More than once, the apostle Paul compares our walk of faith to a foot race. In 1 Corinthians 9:24, he says that all the runners in a race compete, but only one wins, and then he says we should run to win. And in 2 Timothy 4:7, he states that he has competed well, finishing the race and keeping the faith. Having run the New York City Marathon in 1993, I can relate to Paul’s analogy. Although it has been almost 25 years since I ran that race, there are many faith lessons that I can take from it. When I look back on that time of my life, I see three things that were important to completing the race – preparation, people, and perseverance.
To be able to finish a marathon, to endure 26.2 miles, I needed preparation. I had to prepare my body to run that long distance. To finish the race of faith as Paul did, we also need preparation. We need to prepare our souls. For a marathon, I needed to nourish and fuel my body by eating right. For the race of faith, we also need food – spiritual food – and that food is the Word of God. We need to feed our minds and souls with God’s Word, spending time reading it and meditating on it daily. In preparing for a marathon, I had to gradually build up my endurance with regular times of running, as well as regular times of rest. In our race of faith, there must be times of “doing,” of serving God and others, but there also must be times of rest, times spent in prayer and in God’s presence.
One of the most important lessons I learned in running the marathon was the need for people. Running long distances can be difficult and, at times, lonely. For that reason, it is important to have people who are there to encourage you. I remember that, as I ran the marathon, when there were crowds along the course cheering the runners on, shouting words of encouragement, it made the running a little easier. But, in the areas (like bridges) where there were no crowds, running became a little harder. In our race of faith, we need people around us to encourage us along the way. 1 Thessalonians 5:11 says that we are to “encourage one another” and “build each other up.”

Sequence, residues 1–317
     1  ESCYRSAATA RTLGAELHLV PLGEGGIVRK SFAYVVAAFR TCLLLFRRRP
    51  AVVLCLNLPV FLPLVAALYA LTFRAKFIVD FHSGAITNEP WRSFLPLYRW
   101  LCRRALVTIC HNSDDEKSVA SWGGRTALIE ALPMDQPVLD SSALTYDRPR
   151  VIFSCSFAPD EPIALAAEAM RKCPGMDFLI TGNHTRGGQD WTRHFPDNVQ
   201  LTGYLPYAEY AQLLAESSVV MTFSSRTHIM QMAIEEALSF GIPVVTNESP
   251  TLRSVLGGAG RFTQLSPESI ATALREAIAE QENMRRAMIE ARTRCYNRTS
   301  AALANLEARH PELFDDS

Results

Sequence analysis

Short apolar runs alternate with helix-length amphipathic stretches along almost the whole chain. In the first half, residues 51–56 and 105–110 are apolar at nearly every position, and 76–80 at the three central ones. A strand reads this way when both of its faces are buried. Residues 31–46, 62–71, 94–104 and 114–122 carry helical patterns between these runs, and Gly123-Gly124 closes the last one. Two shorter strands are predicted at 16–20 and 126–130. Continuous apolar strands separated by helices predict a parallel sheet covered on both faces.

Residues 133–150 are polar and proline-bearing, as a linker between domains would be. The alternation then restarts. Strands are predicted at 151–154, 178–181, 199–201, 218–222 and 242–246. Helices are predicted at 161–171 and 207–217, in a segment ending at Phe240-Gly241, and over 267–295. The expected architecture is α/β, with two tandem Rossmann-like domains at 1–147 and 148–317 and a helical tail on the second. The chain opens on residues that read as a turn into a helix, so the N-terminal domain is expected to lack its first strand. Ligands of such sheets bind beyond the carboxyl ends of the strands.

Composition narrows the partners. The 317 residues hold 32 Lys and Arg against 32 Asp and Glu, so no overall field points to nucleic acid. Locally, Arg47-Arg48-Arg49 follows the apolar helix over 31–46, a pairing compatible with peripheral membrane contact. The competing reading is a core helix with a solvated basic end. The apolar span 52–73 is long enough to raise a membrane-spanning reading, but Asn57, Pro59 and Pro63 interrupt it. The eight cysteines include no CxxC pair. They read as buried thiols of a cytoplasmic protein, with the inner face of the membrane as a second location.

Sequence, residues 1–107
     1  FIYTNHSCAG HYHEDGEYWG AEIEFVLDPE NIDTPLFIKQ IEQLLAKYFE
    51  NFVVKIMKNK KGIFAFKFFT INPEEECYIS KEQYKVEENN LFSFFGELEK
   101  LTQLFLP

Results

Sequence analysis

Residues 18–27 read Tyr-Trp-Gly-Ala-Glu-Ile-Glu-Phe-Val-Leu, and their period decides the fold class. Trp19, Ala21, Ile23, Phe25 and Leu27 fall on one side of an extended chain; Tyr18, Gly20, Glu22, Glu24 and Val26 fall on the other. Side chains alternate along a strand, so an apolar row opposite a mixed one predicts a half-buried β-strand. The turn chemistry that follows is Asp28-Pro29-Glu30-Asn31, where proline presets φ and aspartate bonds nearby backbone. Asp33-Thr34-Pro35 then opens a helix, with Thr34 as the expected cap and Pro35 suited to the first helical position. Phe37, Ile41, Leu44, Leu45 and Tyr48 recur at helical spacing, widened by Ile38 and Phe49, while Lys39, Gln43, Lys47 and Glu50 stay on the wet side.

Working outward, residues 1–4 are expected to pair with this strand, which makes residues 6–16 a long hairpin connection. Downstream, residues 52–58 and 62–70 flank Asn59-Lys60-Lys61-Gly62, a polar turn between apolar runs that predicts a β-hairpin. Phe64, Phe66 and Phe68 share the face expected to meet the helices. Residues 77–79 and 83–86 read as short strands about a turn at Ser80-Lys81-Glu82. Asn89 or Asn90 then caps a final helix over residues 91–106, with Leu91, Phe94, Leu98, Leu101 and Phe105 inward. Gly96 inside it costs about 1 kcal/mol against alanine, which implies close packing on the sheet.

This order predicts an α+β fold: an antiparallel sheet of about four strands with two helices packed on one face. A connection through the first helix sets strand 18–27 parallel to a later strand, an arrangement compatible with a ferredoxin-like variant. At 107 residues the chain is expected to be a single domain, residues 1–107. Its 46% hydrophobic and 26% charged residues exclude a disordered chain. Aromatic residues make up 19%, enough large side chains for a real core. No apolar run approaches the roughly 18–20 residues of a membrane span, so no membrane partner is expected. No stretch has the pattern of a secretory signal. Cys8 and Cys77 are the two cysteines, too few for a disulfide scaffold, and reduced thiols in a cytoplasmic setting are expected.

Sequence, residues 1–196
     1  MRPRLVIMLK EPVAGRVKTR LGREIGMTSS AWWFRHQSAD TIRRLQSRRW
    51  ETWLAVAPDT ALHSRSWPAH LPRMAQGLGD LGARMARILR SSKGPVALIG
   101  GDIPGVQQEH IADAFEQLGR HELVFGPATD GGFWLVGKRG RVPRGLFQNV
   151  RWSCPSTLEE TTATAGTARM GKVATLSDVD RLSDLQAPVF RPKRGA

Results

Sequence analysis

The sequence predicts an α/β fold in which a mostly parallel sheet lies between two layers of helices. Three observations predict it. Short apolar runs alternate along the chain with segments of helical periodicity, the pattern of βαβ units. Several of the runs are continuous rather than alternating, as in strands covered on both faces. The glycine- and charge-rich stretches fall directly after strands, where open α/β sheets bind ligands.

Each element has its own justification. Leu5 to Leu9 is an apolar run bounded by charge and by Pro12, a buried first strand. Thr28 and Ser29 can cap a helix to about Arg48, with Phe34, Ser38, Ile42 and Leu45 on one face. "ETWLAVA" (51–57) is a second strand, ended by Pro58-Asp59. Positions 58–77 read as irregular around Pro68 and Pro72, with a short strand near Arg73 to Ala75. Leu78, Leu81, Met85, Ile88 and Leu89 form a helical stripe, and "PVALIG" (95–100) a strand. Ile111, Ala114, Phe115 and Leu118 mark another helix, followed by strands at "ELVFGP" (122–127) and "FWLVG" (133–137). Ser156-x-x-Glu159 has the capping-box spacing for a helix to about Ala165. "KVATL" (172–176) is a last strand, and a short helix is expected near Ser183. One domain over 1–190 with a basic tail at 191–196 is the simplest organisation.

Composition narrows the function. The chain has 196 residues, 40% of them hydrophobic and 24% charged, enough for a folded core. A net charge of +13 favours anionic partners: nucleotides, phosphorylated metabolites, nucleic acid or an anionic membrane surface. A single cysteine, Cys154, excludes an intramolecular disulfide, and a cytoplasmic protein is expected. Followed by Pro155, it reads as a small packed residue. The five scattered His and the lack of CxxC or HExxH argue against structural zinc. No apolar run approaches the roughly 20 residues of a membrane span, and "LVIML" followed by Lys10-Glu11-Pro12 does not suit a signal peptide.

Finally, completing a marathon requires perseverance. 26.2 miles is a long distance. When I ran it in 1993, there were times that I wanted to give up. The day before I ran, I developed a small blister on my heel that got larger as I ran the marathon. I need to stop twice to have it attended to at first aid stations. But I kept on running. I persevered. When I reached 20 miles, I hit a “wall.” I felt like I could not continue. But I kept on running. I persevered. In our race of faith, there is an enemy who wants nothing more than to make us give up, to stop running the race. He will throw things at us, things like doubts, frustration, worry, fear, and other trials. But rather than giving up and turning from our faith, we need perseverance. We need to heed the words of James 1:2 and consider it joy when we face these trials. When we do, our faith will produce endurance (James 1:3).
I finished my marathon in 1993. Despite being tired and despite some pain, I ran across the finish line. As I did, I was handed a finisher’s medal which is now proudly displayed in my den. When we prepare well, surround ourselves with people who share our faith and will encourage us, and persevere through trials, we will run the race of faith with endurance and we will finish strong. And, when we do, we will hear those words that are more valuable than any medal, “Well done, good and faithful servant.”